Melanie Murphy is an author and online content creator from a small village in Dublin.Her YouTube videos have amassed more than sixty million views online, reaching people with her warm personality and life lessons as well as views on divisive topics such as sexuality, women's rights, health and relationships. Also, some silly fun stuff, just 'cause.Melanie's first non-fiction book, Fully Functioning Human (Almost), was published in 2017 and was an Irish bestseller.She lives in Ireland with her pilot partner Thomas, her modern family, and her two glorious rescue kitties, Bilbo and Molly Weasley. Her BSc (hons) degree in Education & Training from DCU gathers dust above the fireplace as she writes books and uploads videos to the internet for a living.

Michael Clifford

Michael Clifford is Special Correspondent for the Irish Examiner. He has been working in print and broadcast journalism for over twenty years. He is the author of three non-fiction books, including Bertie Ahern and the Drumcondra Mafia (with Shane Coleman) and two crime novels. In 2014, TV3's Tonight with Vincent Browne programme selected him as Journalist of the Year for his coverage of the garda whistleblower story. He was named the newspaper industry's Journalist of the Year in 2016.He lives in Dublin.@mickcliff

Michael Harding

Michael Harding is an author and playwright. His creative chronicle of ordinary life in the Irish midlands is published as a weekly column in The Irish Times. He has written numerous plays for the Abbey Theatre, including Una Pooka,Misogynist and Sour Grapes, and has published three novels, Priest, The Trouble with Sarah Gullion and Bird in the Snow as well as three bestselling memoirs, Staring at Lakes, which won three BGE Irish Book awards, Hanging with the Elephant and Talking to Strangers and the bestselling On Tuesdays I'm a Buddhist.

Neil Fetherstonhaugh

Neil Fetherstonhaugh was born in Dublin in 1971. After graduating from college in 1990. he worked on a number of local newspapers before leaving to go backpacking in the Middle East, North Africa and across Europe. In 1998 he travelled across the United States, Mexico and central America. Neil returned to Ireland in 1999 and took up a job as a reporter with the Northside People newspaper. Since then he has written two books, and appeared on TV and radio shows. He still travels extensively.

Niall Breslin

Niall Breslin, known as Bressie, is an Irish musician and former Westmeath Gaelic footballer and Leinster rugby player, representing Ireland at Under-21 level in the Rugby World Cup. A native of Mullingar, he attended UCD on a sports scholarship, graduating with a BA in Economics and Sociology.He found success as the lead singer, guitarist and songwriter with pop band The Blizzards, as a co-writer and producer with XIX Entertainment, and as a solo artist and music producer. He was the winning coach on the first and third seasons of The Voice of Ireland.His work in the area of mental health education and empowerment began two years ago, after his own struggles with depression and anxiety led him to open up publicly on the issue. His My1000Hours blog and training initiatives set out to explore positive and proactive ways of improving emotional fitness and managing mental stress, including through exercise, as well as educating young people about the stigma and management of mental health issues.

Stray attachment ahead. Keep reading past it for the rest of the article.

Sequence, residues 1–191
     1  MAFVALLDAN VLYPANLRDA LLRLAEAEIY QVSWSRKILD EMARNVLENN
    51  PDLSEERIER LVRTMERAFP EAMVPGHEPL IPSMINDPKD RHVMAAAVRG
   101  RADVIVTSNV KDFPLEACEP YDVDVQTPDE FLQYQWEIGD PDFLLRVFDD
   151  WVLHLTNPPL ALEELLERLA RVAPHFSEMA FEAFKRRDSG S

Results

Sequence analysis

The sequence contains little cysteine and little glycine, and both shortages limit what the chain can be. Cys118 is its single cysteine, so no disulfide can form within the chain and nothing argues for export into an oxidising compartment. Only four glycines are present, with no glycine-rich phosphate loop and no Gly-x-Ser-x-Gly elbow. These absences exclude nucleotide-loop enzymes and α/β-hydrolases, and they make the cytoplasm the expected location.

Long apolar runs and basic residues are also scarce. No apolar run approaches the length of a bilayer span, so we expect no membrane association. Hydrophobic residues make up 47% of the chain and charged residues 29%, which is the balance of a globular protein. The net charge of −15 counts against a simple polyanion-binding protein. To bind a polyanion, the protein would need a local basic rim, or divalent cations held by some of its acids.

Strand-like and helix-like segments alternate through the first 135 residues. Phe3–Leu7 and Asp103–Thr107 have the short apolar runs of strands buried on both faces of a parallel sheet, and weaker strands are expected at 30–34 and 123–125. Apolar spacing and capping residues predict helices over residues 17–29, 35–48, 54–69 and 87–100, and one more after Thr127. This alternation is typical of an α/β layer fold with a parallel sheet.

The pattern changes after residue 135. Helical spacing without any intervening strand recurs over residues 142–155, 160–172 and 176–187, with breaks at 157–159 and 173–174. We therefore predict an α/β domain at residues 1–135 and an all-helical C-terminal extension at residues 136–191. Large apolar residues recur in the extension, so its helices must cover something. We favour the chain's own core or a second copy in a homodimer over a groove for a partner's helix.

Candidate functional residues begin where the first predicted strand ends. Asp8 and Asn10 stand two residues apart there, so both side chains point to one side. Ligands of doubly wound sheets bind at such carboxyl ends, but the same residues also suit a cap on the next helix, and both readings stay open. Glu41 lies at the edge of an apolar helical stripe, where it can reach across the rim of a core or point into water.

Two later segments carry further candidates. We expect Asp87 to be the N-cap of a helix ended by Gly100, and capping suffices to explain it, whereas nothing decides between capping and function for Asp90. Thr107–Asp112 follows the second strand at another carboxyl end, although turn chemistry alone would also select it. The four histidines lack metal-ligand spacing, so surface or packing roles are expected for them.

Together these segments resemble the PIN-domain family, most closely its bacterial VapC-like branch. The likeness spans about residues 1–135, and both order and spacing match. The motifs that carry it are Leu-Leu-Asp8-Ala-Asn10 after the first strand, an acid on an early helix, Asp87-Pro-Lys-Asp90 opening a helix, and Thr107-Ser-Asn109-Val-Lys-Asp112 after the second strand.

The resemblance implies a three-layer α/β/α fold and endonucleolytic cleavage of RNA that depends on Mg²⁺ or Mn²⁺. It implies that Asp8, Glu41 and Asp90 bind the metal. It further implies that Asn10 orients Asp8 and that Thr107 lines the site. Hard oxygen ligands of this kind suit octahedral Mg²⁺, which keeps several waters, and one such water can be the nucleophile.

Paul Joyce

Paul Joyce's debut film, a unique co-operation with the playwright Samuel Beckett, and exhibitions which followed, established him internationally as a film-maker and photographer in the 1980s. He showed at the National Portrait Gallery, the Bibliothèque Nationale and the Witkin Gallery in New York and his documentaries have been nominated both for International Emmy and Cable Ace Awards. Paul as also published two collaborations with David Hockney and is currently Artist in Residence at Eastwell Manor, Kent.

Philip Nolan

Philip Nolan was born in Dublin in 1963. An award-winning travel writer, he has also worked for most Irish national newspapers, including the Sunday World, Sunday Press, Sunday Tribune and Evening Herald, and was deputy editor of Ireland on Sunday.

Richard Moore

Richard Moore was born in Derry in 1962. At the age of 10 he was blinded after being shot by a British soldier by a rubber bullet. He went on to live an astounding life - father, musician, businessman. He worked in the area of peace and reconciliation during the Northern Ireland peace process, famously meeting and befriending the soldier responsible for his blindness. In 1996 he founded the charity 'Children in Crossfire', which aims to 'make a lasting and significant contribution towards the eradication of poverty' and which helps children all over the world. Richard lives in Northern Ireland with his wife and two daughters.

Roisin Fitzpatrick

Following a brain haemorrhage and NDE, Róisín Fitzpatrick turned this adversity into a positive life change. Integrating her passion for sharing the beauty of the eternal light with her business skills from her former career, she has become an internationally successful artist. Róisín lives in Co. Wicklow. Taking Heaven Lightly is her first book.www.RoisinFitzpatrick.com

Roisin Meaney

Roisin Meaney was born in Listowel, Co Kerry, She has lived in the US, Canada, Africa and Europe but is now based in Limerick, Ireland. This Number One bestselling author is a consistent presence on the Irish bestseller list and she is the author of fifteen novels including three stand alone novels set in the fictional island off the west coast of Ireland: One Summer, After the Wedding and I'll Be Home for Christmas. Her other bestsellers include: The Last Week of May, The People Next Door, Half Seven on a Thursday, Love in the Making, The Things We Do For Love, Something in Common, Two Fridays in April, The Reunion and The Anniversary. She has also written books for children. Connect with Roisin Meaney on @roisinmeaneywww.roisinmeaney.com